Upon your arrival on the fire scene, routine size-up can often produce unexpected resultS... Photos by Richard Blatus & Thomas Richardson At first glance, the second floor of the two-story taxpayer at top right looks routine. Take a closer look at the...
To access the remainder of this piece of premium content, you must be registered with Firehouse. Already have an account? Login
Register in seconds by connecting with your preferred Social Network.
Complete the registration form.
Photos by Richard Blatus & Thomas Richardson
At first glance, the second floor of the two-story taxpayer at top right looks routine. Take a closer look at the middle two photos at right. The windows you would normally use for access are painted over and blocked by masonry walls. Is this an operational disaster? It shouldn’t be. Step back and adjust your tactics. Call for a tower ladder to remove the obstructions from a stable platform. Expedite vertical ventilation and let the troops know there may be a delay. Look for an alternate means of entry. As always…COMMUNICATE! Put the information over the air so both the on-scene and incoming units can adapt and overcome the obstacles. Be proactive. Call for additional units before you discover the problem, not after.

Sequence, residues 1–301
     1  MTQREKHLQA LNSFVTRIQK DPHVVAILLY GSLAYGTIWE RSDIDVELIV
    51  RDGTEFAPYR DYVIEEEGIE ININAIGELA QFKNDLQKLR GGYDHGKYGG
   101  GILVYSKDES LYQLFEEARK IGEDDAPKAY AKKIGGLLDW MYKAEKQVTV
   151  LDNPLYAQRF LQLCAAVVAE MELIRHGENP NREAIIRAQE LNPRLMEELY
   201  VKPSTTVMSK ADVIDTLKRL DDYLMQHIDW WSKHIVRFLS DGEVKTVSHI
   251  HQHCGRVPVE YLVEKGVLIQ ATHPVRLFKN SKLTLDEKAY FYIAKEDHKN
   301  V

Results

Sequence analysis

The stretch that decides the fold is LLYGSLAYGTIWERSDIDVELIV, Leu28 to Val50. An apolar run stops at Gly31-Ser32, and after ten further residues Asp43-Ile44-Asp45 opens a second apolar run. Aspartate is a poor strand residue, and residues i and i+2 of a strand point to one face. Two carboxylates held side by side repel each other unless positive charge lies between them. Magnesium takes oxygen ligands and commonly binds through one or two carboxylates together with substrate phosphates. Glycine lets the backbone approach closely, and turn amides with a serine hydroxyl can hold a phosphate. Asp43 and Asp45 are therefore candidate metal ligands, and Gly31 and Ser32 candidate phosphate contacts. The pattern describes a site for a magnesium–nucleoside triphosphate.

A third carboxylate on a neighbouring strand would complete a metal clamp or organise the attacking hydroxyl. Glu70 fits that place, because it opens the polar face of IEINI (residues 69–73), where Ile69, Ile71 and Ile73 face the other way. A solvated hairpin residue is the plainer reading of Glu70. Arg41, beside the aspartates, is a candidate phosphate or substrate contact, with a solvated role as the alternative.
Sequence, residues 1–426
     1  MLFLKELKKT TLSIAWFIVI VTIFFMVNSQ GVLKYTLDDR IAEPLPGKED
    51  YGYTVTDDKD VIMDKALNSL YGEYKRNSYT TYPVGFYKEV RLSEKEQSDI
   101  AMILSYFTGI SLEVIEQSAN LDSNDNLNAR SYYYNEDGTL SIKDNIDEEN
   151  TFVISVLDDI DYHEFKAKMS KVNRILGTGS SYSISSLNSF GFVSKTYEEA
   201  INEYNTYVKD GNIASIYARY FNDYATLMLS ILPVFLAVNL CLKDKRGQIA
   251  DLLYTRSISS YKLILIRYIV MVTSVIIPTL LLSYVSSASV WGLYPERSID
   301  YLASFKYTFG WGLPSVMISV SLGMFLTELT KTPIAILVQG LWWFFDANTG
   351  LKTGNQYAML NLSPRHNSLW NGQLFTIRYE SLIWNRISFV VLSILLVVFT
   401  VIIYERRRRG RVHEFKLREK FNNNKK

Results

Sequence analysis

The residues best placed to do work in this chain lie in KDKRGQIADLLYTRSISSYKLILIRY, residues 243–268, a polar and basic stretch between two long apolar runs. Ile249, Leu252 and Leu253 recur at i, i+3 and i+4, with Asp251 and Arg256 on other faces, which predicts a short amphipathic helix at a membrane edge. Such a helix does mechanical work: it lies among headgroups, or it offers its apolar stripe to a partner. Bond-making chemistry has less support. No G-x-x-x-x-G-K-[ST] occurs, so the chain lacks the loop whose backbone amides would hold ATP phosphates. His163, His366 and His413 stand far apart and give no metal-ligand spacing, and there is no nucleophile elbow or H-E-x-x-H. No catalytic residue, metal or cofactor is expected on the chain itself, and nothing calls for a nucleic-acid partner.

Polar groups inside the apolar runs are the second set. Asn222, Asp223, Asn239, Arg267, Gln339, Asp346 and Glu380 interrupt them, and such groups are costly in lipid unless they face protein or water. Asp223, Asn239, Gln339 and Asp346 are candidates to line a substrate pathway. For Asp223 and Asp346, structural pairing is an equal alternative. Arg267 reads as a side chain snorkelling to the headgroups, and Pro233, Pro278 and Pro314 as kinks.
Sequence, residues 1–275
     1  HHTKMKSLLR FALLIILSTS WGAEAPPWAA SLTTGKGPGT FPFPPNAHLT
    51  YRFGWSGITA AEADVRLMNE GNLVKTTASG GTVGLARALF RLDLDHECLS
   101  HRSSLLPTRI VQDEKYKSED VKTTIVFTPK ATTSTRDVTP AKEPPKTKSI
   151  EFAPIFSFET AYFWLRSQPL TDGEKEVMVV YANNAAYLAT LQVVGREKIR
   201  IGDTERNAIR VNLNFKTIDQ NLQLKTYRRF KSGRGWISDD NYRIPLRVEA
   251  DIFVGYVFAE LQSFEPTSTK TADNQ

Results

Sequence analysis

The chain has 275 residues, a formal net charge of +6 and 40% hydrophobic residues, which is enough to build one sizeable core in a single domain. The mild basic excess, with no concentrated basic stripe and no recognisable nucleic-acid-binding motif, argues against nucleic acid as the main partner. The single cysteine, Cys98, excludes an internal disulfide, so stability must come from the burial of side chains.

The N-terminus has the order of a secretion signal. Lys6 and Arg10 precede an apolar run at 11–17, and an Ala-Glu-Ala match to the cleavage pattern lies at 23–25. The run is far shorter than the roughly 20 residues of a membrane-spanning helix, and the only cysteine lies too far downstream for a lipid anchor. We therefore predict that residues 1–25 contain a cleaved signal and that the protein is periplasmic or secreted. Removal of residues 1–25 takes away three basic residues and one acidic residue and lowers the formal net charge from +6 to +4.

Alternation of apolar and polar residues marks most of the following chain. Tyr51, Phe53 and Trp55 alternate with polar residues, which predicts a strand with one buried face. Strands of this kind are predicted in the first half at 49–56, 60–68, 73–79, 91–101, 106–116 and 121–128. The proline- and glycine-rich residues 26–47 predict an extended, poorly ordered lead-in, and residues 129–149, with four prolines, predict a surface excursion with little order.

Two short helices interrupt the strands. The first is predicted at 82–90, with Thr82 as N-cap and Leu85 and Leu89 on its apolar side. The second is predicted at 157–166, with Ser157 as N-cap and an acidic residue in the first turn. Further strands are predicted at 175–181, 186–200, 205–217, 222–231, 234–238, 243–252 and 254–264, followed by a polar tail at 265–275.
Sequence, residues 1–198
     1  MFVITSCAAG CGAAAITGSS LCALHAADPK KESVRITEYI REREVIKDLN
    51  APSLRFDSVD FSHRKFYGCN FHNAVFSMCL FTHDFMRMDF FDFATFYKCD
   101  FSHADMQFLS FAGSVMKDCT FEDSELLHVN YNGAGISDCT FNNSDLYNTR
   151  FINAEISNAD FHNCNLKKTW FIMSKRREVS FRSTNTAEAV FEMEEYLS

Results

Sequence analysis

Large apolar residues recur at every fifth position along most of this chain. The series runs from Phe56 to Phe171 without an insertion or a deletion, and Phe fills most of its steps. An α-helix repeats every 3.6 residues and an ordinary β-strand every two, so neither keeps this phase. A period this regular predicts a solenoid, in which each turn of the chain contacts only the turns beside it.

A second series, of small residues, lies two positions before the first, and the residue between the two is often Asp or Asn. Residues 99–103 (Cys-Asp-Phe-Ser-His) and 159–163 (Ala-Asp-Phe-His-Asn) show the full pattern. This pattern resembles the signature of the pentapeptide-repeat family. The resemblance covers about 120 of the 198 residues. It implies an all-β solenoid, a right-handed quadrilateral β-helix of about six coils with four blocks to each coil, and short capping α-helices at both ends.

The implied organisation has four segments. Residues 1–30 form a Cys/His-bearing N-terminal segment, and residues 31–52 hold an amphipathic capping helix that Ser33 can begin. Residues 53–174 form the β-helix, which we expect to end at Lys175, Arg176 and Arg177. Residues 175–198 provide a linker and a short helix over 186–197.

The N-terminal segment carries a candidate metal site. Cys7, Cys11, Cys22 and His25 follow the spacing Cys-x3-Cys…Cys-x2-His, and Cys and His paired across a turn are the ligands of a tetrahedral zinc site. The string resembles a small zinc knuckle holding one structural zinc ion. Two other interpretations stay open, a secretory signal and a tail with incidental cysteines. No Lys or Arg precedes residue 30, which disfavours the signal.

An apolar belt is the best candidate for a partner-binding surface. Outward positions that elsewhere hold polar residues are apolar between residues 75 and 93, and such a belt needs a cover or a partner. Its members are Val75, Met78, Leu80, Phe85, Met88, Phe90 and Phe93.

How can you determine the difference between a fire division wall and a boxed-out steel I-beam? Notice in the photos at bottom left and right that the fire wall between the two taxpayers is solid masonry with coping on top of it. The boxed-out steel I-beam gives the appearance of a fire wall. It is extended above the roof. But note that it has roofing material on an angle covering it.
How can you tell the difference in a smoke condition? Use a tool and bang on it. The beam will sound hollow and there is usually plywood covered with roofing material. Another method is to use a power saw and cut an inspection hole. These boxed-out beams create a large void that can and will allow fire to travel.
Richard J. Blatus and Thomas J. Richardson will present "Tales from the Fireground," "Critical Response Information – Do Your Troops Have It When They Need It?" and "Live Burn Evolution: Real Training for Real Firefighters" at Firehouse Expo 2004 in Baltimore, July 13-18.
Richard Blatus & Thomas Richardson are FDNY battalion chiefs operating in the boroughs of the Bronx and Brooklyn, respectively.